For more data specific to your region visit NCVER’s Atlas of total VET.

If you are interested in extracting NCVER data to construct tables with data relevant to you, sign up for a VOCSTATS account.

Industry insights

For an analysis of skills needs and workforce demand, see the Construction cluster page.

The Construction, Plumbing and Services IRC's 2020 Skills Forecast was the final skills forecast released by the IRC. It reported that emerging industry change and client demand for modern methods of construction were driving the new workforce trend of precast concrete construction. According to the IRC global demand for precast concrete was predicted to increase 6.5% per year, at an estimated $185.53 billion by 2023. However, the increase has been marked by a number of incidents causing injury and in some cases death.

Due to its weight and size, precast concrete requires proper technique in temporary support, and lifting during installation. As such, the IRC reported that the industry sought national training in precast use, installation and assembly of prefabricated components and non-traditional building materials.

In response, a package has been developed, comprising a Certificate II in Prefabricated Concrete Element Installation, seven new units of competency and three skill sets. The proposed package will enable riggers and other workers involved in lifting, placing and installing prefabricated concrete to upskill and formalise their work experience and offer a pathway for those who want to enter the construction industry. See Precast Concrete Installation in Building and Construction for further information.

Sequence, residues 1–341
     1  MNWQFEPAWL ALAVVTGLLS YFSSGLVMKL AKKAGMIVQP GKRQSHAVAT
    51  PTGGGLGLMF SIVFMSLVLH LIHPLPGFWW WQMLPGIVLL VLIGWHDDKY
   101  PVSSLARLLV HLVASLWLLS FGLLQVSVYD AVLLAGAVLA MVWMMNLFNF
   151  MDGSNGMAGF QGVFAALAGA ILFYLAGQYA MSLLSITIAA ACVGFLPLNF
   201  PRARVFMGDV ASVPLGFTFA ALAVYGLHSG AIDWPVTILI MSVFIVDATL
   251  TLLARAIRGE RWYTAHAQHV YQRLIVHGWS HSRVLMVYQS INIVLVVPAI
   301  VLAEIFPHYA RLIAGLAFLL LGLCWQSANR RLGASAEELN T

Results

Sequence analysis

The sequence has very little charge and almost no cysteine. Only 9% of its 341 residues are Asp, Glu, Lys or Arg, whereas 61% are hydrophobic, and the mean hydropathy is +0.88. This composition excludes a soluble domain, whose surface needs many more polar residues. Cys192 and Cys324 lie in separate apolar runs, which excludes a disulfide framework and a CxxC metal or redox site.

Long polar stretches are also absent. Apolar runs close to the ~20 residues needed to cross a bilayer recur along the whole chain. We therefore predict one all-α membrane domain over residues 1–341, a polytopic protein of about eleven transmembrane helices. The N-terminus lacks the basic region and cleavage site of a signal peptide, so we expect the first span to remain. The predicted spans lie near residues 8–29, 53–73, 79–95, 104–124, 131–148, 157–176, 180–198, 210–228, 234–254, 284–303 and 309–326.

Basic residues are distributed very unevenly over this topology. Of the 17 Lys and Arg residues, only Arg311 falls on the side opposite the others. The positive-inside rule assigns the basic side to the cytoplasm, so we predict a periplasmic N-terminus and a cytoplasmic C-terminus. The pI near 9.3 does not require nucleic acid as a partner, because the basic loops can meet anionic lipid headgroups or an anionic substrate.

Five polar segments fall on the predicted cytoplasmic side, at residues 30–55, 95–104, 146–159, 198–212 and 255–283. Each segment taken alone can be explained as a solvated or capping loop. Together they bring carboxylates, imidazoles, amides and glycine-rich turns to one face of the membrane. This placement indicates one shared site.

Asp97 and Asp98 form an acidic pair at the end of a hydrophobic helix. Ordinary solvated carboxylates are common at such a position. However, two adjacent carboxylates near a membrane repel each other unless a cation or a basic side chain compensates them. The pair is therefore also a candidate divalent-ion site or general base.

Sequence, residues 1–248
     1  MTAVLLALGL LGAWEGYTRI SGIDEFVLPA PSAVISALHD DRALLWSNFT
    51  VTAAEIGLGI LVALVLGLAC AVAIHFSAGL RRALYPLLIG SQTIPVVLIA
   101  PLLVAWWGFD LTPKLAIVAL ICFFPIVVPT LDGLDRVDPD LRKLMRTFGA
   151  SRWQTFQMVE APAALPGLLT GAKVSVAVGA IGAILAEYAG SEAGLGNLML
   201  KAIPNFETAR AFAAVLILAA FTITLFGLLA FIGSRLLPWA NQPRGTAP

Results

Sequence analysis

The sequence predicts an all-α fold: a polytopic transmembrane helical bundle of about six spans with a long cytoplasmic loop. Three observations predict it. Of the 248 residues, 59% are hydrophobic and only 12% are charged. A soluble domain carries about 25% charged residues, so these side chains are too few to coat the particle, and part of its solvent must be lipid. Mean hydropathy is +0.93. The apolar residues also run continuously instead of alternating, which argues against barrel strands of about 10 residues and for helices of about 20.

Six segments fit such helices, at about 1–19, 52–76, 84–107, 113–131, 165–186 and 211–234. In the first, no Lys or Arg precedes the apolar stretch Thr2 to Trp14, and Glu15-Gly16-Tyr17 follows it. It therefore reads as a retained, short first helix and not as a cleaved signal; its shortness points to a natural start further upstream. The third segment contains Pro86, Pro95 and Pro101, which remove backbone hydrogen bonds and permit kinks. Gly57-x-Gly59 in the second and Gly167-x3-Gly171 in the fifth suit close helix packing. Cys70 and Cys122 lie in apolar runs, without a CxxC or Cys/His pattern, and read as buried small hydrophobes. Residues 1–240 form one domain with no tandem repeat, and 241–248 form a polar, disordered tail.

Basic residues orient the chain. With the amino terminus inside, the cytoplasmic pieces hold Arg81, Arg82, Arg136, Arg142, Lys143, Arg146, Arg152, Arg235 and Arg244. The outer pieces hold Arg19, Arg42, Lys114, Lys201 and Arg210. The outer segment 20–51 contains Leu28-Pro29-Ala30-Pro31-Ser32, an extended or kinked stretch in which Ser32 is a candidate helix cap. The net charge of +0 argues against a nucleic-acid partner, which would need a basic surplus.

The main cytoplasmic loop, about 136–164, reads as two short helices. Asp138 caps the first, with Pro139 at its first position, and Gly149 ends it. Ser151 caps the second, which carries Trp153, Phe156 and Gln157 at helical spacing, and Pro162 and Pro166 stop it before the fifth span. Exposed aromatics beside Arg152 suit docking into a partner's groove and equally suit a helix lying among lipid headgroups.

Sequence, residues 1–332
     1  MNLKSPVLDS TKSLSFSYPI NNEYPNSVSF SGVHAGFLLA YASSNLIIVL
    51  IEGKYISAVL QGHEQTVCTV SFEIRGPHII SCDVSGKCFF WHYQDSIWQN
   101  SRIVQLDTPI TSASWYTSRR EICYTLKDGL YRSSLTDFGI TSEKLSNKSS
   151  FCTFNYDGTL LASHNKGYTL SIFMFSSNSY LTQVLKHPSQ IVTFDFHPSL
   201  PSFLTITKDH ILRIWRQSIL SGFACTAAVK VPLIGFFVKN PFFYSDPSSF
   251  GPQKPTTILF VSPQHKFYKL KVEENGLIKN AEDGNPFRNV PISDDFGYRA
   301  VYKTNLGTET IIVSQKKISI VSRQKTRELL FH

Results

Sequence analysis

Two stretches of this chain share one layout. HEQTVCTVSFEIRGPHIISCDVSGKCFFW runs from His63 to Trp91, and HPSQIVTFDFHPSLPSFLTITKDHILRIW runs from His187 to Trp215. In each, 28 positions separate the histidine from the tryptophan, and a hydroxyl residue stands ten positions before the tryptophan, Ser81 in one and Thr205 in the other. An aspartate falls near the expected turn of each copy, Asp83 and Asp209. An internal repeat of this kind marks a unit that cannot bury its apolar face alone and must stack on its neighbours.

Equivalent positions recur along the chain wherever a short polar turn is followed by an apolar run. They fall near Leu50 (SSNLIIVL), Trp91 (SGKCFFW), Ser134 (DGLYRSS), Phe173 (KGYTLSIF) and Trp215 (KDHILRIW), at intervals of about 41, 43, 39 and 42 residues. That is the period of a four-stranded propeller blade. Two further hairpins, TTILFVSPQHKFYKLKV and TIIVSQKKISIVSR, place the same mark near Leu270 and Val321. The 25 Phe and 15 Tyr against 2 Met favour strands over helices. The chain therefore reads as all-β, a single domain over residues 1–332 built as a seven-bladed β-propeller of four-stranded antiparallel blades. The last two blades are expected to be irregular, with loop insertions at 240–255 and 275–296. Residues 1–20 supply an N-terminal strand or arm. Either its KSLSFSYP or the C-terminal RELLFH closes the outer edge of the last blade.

The IRC’s 2020 Skills Forecast also reported key skill needs were emerging in Steel Construction. Many of the units of competency in carpentry were amended to provide for a choice of construction material - timber or steel. This catered for geographic differences in the trade, for example, timber is not used in the north of Australia and changes to construction methods where steel is increasingly used for framing in both commercial and residential construction.

Links and resources

Below is a list of industry-relevant research, organisations and associations. Hyperlinks have been included where available.


IRC and Skills Forecasts

Construction, Plumbing and Services Industry Reference Committee


Relevant research

Precast Concrete Installation in Building and Construction (current project) – Artibus Innovation


Industry associations and advisory bodies

Brick and Block Careers (formerly Australian Brick and Blocklaying Training Foundation)

Housing Industry Association (HIA)